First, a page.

Families living in a small enclave of mobile homes near Pecan Creek Elementary School have few viable options for running water after the well owner notified them that he is turning off the system.
Denton’s director of utilities, Ken Banks, laid out the options in a special neighborhood meeting Tuesday night. None of the options seemed viable for the dozen or so working-class families who live in Green Tree Estates on Swisher Road.
Ednna Guajardo said the families are all scared about what will happen if the water well owner shuts down the system on Nov. 15, as he has told the city he will.
“We’re all families. We have kids. We need water,” Guajardo said in Spanish.
The families don’t drink the water, but they do use it, she added. They filled a clear plastic water bottle to show city officials what the well water looks like. The turbid water was the color of a green tea soft drink.
The system owner, Don Roddy, attended the meeting, too, but declined to comment. County records show Roddy inherited the land, and ostensibly the water system, nearly 20 years ago. County records also show that while Roddy owns multiple mobile home lots in Green Tree Estates, many lots are also owned by others.
New neighborhoods have sprung up around the mobile home park. Roddy’s parcels have been for sale for about a year.
Banks told the Green Tree neighbors that the city and area landowners agreed to a service plan when the land was annexed into the city several years ago. But connecting the neighborhood to city water would still involve some cost to the landowners and those steps were never taken by Green Tree Estates, Banks said.
The city has three possible places where the neighborhood might still be able to access city water. However, Banks also said that the well water tank and pipes that distribute the water to homes is probably too old to work with a modern system.
In other words, simply hooking up a new supply line likely means that pipes throughout the neighborhood would burst from the higher water pressure.
Banks estimated the cost to bring a modern system to the neighborhood would exceed $500,000, and that would be with any easements donated to the city’s water utility.
The city cannot pay for the improvements because that would be considered a gift and not allowed under the charter, Banks said.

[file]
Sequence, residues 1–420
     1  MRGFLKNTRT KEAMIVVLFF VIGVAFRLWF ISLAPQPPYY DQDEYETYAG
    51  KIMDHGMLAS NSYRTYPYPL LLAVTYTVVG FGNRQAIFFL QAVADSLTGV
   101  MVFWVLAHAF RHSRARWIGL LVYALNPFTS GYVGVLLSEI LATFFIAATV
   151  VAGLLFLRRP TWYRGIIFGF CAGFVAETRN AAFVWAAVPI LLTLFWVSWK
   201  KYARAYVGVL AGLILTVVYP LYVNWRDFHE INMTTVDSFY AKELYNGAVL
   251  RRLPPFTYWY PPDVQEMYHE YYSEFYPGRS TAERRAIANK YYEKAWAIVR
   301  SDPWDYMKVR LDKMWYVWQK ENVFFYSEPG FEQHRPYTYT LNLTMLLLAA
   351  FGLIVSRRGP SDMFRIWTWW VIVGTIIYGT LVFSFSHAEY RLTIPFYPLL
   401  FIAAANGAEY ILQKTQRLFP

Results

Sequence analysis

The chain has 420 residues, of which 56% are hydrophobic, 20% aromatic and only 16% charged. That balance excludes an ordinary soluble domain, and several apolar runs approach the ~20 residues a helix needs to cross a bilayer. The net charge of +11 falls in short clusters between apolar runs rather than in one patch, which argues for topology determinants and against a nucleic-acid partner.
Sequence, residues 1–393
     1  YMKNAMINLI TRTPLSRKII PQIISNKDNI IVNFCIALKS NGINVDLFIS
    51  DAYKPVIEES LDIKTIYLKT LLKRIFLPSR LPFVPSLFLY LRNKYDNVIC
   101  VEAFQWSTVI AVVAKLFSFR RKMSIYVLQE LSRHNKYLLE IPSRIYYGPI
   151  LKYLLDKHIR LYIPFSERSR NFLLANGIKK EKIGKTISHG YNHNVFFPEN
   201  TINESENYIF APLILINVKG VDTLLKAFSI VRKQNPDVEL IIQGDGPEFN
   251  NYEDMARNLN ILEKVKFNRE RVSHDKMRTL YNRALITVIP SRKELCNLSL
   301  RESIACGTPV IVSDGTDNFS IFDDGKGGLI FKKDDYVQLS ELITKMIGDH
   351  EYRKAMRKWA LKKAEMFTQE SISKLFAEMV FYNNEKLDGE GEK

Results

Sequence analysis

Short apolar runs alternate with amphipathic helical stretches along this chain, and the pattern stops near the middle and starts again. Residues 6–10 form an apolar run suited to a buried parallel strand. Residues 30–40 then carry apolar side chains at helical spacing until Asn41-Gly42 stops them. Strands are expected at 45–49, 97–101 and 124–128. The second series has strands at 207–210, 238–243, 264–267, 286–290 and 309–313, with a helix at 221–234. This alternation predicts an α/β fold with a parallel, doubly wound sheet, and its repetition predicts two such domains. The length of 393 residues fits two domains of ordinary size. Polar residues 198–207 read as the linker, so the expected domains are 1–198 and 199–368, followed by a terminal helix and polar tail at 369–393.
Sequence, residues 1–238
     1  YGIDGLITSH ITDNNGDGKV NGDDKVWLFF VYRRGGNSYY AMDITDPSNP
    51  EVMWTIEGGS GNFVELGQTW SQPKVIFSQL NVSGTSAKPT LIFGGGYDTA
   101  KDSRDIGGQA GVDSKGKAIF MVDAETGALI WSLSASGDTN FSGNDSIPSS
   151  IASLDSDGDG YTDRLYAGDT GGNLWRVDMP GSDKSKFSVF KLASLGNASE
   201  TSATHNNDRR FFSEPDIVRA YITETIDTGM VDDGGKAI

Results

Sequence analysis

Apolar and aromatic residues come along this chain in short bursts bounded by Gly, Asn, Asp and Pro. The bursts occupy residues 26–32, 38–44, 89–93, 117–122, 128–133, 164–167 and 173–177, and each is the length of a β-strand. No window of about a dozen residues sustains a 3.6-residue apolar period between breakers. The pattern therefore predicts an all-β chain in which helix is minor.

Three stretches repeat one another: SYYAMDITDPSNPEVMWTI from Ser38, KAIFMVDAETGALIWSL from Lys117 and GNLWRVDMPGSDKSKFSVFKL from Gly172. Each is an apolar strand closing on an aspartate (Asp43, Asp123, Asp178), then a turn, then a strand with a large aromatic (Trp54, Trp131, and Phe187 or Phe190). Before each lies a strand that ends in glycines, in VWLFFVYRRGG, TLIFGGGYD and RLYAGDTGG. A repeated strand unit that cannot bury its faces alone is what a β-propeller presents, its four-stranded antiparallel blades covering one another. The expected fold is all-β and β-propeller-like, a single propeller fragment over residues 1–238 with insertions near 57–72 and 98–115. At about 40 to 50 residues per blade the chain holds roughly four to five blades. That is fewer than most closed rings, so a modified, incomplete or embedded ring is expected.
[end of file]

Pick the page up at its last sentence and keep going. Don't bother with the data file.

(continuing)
The city has asked Roddy, the water system owner, for more time to find a resolution, but Roddy has refused. The city turned to the Public Utility Commission, saying that Roddy should not be allowed to shut down the water system without at least a 120-day notice and asking the PUC to enforce that.
The PUC sent a representative to the meeting, but he made no public statement. So far, the PUC has maintained to the city that it has no authority to require Roddy to give the longer notice, Banks said.
The Texas Commission on Environmental Quality also made a site visit and reported to the city that the system has nine connections and serves 22 people.
But Guajardo and other Green Tree Estates neighbors disputed that figure, saying at least 50 men, women and children live in the neighborhood.
One attendee asked whether the city would allow a meter on a fire hydrant at Swisher Road, so that residents might be able to fill tanks in the interim.
Banks said the city would issue a fire hydrant meter, but it was unclear whether the neighborhood could make use of a system that would fill water buffalo tanks for individual families.
Dani Shaw, the city’s community development manager, offered to link residents to social services, saying there’s help for those who could be at risk of becoming homeless because of the problem.
But neighbors don’t want to leave, with many saying that it’s the middle of the school year and their kids are happy where they are.
Guajardo wondered if there are other groups that could help.
“It’s a problem that affects everyone,” she said.